Art Kaleidoscope

Between art and craft

Islamic East Jewelled Arts

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Binding of the Quran with emerald. The beginning of the 19th century. Gold, diamonds, emeralds. The Topkapı Palace Museum, Istanbul, Turkey. Islamic East Jewelled Arts

Binding of the Quran with emerald. The beginning of the 19th century. Gold, diamonds, emeralds. The Topkapı Palace Museum, Istanbul, Turkey. Islamic East Jewelled Arts

Islamic East Jewelled Arts
Worked out by the peoples of the Middle East during the Middle Ages, based on the cultural traditions of the area and the principles of Islam. From the beginning, the art of Muslim countries showed originality, associated with the ethnic culture. However, Islamization, covering all the space developed common principles, which became mandatory for all parts of the Muslim world.
In fact, Islam forbids images of living beings, first of all, people. Meanwhile, in Iran, where even before the arrival of Islam was a tradition of depicting scenes from the life of the rulers in miniature, wall painting, and carpet weaving, the ban was never total.

Islamic East Jewelled Arts

Islamic East Jewelled Arts

During the Mamluk era (1250-1390) glass objects were decorated in the style of Naskh inscriptions and floral ornaments. At the same time in Egypt and Syria appear vessels “flavors”. Narrow neck allows to produce liquid droplets and flavors not to spill the precious moisture in the fall. Especially interesting are the vessels of opaque glass with feathery pattern.

Crusaders literally hunted for eastern objects made of glass. In particular, they took out lamps with which mosques were equipped, and gave them as gifts to Christian monasteries and churches. It should be noted that during this period Europeans in the light of their homes (and even streets) significantly lagged behind the Arabs.

Golden dagger. The first half of the 18th century. Gold, emeralds, gemstones. Topkapi Palace Museum, Istanbul, Turkey

Golden dagger

Golden dagger. The first half of the 18th century. Gold, emeralds, gemstones. Topkapi Palace Museum, Istanbul, Turkey. On the hilt of a dagger mounted a large octagonal emerald, hiding tiny clock English work. Made as a gift to Nadir Shah of Persia. After his death, was returned to the Sultan’s palace.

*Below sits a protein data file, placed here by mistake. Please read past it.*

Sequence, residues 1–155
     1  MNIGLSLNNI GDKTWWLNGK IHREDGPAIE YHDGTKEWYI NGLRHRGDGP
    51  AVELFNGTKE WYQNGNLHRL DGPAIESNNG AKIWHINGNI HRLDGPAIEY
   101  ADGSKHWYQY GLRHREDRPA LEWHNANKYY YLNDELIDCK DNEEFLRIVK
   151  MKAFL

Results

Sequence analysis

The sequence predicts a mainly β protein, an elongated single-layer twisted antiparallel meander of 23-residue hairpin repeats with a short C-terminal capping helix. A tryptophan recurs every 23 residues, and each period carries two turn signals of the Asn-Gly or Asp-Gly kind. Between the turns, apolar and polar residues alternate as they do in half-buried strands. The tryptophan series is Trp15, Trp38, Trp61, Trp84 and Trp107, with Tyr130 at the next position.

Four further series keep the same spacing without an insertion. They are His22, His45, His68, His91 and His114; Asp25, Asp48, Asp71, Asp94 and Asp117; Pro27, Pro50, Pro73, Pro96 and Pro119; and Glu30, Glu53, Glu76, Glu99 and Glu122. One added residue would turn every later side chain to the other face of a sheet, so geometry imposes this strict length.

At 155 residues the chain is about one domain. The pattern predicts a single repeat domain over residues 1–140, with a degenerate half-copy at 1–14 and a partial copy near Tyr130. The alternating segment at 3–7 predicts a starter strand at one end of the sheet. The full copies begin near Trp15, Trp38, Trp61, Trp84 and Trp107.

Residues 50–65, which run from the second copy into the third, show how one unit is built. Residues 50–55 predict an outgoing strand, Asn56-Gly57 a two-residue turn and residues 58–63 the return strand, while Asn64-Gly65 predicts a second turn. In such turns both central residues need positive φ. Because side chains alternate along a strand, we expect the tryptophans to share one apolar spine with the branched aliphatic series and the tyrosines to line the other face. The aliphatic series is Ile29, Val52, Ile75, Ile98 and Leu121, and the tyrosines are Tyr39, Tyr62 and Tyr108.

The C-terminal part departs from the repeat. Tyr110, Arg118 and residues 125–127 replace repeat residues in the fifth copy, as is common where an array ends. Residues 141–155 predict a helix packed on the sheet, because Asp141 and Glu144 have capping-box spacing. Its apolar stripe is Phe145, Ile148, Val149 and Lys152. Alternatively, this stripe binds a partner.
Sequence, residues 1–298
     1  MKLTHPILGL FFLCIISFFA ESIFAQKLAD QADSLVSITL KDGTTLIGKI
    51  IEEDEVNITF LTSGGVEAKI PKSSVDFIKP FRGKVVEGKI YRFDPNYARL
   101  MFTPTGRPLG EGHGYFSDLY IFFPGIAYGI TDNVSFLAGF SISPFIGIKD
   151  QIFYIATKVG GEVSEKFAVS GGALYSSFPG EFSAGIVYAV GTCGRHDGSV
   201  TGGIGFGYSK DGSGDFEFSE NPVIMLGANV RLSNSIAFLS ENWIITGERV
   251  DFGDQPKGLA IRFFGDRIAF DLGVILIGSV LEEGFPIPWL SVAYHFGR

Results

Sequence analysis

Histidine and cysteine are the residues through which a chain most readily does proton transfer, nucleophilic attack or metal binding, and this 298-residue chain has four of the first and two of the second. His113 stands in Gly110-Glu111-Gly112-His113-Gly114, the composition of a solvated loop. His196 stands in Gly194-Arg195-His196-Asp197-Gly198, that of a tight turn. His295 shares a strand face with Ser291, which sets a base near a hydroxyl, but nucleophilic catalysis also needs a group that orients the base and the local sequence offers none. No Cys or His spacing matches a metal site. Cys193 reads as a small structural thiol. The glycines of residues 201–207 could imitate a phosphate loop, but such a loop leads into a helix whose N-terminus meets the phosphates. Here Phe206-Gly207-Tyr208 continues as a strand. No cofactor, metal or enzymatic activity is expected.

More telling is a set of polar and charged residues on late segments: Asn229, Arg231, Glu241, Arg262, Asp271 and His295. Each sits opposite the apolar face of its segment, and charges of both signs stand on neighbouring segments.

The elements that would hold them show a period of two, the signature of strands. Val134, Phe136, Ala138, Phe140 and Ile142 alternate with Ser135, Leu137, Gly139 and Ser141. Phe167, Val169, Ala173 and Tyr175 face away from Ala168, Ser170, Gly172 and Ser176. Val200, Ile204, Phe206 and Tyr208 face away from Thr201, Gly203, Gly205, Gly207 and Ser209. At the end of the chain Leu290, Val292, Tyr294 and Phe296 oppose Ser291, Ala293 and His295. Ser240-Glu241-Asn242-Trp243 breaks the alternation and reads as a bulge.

In Damascus, then in Andalusia began to make the famous Damascus and Toledo blades, the secret of making which is kept in the strictest confidence. High quality Damascus or Toledo Damascus steel is achieved through strict adherence to the recipe: strips of iron and steel (cheap varieties) or strips of different steel grades (in the best varieties) welded at a certain temperature. Toledo Blade was in great demand in Europe. Stored in the Madrid museum “Escorial” saber Abdullah al-Sahir, an approximate one of the last Arab rulers in Spain (14 in.), A gold-plated hilt with amazing inlaid with ivory.

Helmet. Mid-16th century. Iron, turquoise, rubies; Gold notch, black enamel. Topkapi Palace Museum, Istanbul, Turkey


Helmet. Mid-16th century. Iron, turquoise, rubies; Gold notch, black enamel. Topkapi Palace Museum, Istanbul, Turkey. On the helmet exquisite decorative lettering inscribed with verses from the Koran, praising Allah.

Smelting technology is constantly improving. Invasion of the Crusaders in the Middle East forced gunsmiths work harder. As a result, the art of smelting and processing of weapons-grade metal has received a special development. Thus, in the 15th century in the State Aq Qoyunlu (“White Sheep” – Confederation of Turkmen tribes centered in Diyarbakr; rule in Eastern Anatolia and Azerbaijan in 1378-1508) produced magnificent helmets for soldiers. Judging from the samples, they were put on a turban (hence their name Tyurbane – “turban hat”). Made of steel, decorated and engraved with silver, while the helmet itself, like an onion, had thin walls. Along the perimeter of the helmet calligraphic font applied good wishes to the owner, as well as the name of the customer.

No less decorative were medieval weapons of Turkey. Guns were usually decorated with mother of pearl in technique “Sadaf”, and to sabers and scimitars applied gold notches. Hilt decorated with beading and accents of precious stones, coral, turquoise. In the same way were decorated powder flasks. They were made of metal, leather, wood, shells and animal horns. On one of the flasks 17 century, Located in the collection of the “House of Islamic monuments” in Kuwait (a collection of the ruling house of Al-Sabah) engraved the poem by Gulistan Saadi: “The aim (of life) is to leave a remembrance of Me, for I I do not see being in eternity. ”